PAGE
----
SoT: Ok, let's talk about Fantastic Dreamer. Would you describe it as a concept album, or is it more of a collection of great songs with similar intentions?
Henry Tarnecky: Fantastic Dreamer is more of a collection of great songs, although there are some common lyrical threads that tend to weave through a good number of the tracks. These threads instinctively and intuitively probe the purpose of human life, love and the spirit element beyond the flesh or tangible world we see, because it might be said that this entire human experience is very much like a Fantastic Dream!
SoT: What are your hopes and expectations for Fantastic Dreamer?
Blake Tobias: I'm hoping that it gives another reason for prog fans to listen to what I believe is the unique sound and style we offer. I think it's pretty hard to confuse us with any other band out there.
SoT: I am so glad you guys found me. Normally I have to search for bands as good as yours. Describe your market outreach strategy, because I know few bands that have your skill.
Blake: Thank you so much....there are certainly a lot of talented bands out there. From an outreach standpoint we just make sure our web site and social sites, such as Facebook, are kept current and that we are interacting with fans there. As for market strategy, we don't have any tricks up our sleeve. 10T Records takes care of most of the marketing stuff and promos. My thought is that in the end, hopefully our music rises up enough to be a word of mouth sort of chain reaction. One thing is for sure, almost all prog people know other prog people and make their feelings known!
SoT: Schizoid and Guntrip really kicks Fantastic Dreamer off well. But this song feels and sounds so different from the rest of the album. Was that intentional?
Jack Wright: "S&G" is a little different than the rest of Fantastic Dreamer... but not really different from other TCP pieces. It would probably fit nicely between He's Like You and Heavy Billy from our first album. It was Blake's suggestion to start Fantastic Dreamer off with S&G and I thought it was a great idea. Kinda gives the listener a little "smack in the face" you know... to get the blood flowing and listener alert for a continuing musical excursion....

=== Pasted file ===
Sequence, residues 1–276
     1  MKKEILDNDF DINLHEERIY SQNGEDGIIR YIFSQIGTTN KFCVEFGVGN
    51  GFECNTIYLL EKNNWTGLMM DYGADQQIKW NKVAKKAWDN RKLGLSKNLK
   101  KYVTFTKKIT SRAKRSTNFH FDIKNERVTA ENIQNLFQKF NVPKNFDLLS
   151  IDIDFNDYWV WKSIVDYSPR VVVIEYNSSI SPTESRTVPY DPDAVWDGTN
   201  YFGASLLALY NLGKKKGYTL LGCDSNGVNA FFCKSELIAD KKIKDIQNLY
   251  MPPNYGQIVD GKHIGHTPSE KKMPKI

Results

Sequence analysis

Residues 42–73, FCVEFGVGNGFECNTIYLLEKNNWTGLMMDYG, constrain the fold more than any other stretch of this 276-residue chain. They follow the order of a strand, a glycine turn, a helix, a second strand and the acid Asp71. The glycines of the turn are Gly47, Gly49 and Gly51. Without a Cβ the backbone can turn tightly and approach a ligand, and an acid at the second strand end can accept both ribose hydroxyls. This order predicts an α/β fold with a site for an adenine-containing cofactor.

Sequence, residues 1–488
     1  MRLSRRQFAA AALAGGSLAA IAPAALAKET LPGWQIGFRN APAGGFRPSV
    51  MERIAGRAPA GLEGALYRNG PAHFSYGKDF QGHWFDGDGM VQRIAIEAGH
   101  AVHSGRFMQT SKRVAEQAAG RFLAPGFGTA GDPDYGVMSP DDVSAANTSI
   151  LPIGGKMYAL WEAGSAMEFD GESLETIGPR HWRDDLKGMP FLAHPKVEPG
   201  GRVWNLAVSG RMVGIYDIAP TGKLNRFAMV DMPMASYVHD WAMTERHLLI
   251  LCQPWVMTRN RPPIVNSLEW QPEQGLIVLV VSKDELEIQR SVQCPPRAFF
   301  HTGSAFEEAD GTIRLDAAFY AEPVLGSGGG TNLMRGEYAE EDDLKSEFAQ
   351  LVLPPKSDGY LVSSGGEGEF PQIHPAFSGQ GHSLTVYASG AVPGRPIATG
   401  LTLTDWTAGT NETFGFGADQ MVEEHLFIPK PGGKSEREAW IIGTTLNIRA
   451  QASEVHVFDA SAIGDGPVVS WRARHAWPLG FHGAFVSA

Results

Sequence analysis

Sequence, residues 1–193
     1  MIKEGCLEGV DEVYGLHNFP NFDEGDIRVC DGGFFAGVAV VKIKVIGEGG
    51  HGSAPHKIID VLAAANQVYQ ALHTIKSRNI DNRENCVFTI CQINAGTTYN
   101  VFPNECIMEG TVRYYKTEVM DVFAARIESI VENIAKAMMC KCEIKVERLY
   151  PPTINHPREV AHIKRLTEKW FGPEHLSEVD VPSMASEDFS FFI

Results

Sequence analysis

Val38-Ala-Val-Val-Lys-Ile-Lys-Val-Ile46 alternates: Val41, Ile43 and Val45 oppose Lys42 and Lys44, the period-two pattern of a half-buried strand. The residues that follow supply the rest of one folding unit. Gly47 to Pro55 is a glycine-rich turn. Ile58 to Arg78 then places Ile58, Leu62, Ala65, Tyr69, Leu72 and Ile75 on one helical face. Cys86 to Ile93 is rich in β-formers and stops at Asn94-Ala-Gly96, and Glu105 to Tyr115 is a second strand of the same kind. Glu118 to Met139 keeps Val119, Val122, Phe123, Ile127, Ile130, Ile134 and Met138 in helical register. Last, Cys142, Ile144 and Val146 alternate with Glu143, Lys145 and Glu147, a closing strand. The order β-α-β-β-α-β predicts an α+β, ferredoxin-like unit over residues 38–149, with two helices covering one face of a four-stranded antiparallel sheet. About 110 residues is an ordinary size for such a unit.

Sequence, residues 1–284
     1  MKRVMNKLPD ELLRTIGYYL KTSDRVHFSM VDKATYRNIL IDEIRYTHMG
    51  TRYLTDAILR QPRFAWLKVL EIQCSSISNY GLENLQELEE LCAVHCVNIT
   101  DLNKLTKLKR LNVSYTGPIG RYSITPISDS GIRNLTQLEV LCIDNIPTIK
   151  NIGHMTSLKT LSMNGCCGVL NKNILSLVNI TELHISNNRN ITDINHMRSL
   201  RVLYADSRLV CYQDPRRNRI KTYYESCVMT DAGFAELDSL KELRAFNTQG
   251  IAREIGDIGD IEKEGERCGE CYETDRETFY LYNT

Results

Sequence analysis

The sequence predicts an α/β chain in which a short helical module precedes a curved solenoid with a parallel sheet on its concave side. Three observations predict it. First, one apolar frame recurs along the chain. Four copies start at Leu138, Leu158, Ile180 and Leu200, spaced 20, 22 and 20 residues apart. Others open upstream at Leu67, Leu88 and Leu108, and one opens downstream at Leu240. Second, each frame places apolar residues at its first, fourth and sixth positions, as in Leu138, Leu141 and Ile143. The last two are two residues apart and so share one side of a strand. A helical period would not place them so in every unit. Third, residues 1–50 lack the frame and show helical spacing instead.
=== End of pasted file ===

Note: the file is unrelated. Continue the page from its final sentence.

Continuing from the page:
SoT: If it's ok, let's talk about your first album, The Way. You Can Never Know is another great statement on life. That pause for "Are you still there?" was cool. It works perfectly with the song structure. Who was inspired to create that cool moment?
Blake: That's all Henry who's got total carte blanche with all lyrics. He has such special creativity and intuition with those things. If I remember correctly, Henry once questioned whether that phrase should be taken out – Jack and I were emphatic: "absolutely not!". We loved it when we heard it. I think everyone does.
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Progressive music is musical freedom. In some ways it can be considered the Anti-Pop ; a revolt against the notion that music should be made to fit some formulaic need for the chronically impatient general populace, or should be fully absorbed on the first listen. In this respect, progressive is more akin to classical composition than to radio friendly songs the broadcast industry has pushed for so long.